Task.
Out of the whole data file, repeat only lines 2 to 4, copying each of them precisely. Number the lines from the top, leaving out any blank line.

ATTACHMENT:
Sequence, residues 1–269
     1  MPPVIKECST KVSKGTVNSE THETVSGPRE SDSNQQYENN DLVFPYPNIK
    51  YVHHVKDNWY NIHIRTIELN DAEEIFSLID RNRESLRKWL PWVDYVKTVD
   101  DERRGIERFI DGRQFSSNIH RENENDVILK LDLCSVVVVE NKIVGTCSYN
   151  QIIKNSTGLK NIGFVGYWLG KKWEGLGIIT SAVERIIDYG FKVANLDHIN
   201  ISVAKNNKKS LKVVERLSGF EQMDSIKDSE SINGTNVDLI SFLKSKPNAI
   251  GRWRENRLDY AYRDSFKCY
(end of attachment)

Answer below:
     1  MPPVIKECST KVSKGTVNSE THETVSGPRE SDSNQQYENN DLVFPYPNIK
    51  YVHHVKDNWY NIHIRTIELN DAEEIFSLID RNRESLRKWL PWVDYVKTVD
   101  DERRGIERFI DGRQFSSNIH RENENDVILK LDLCSVVVVE NKIVGTCSYN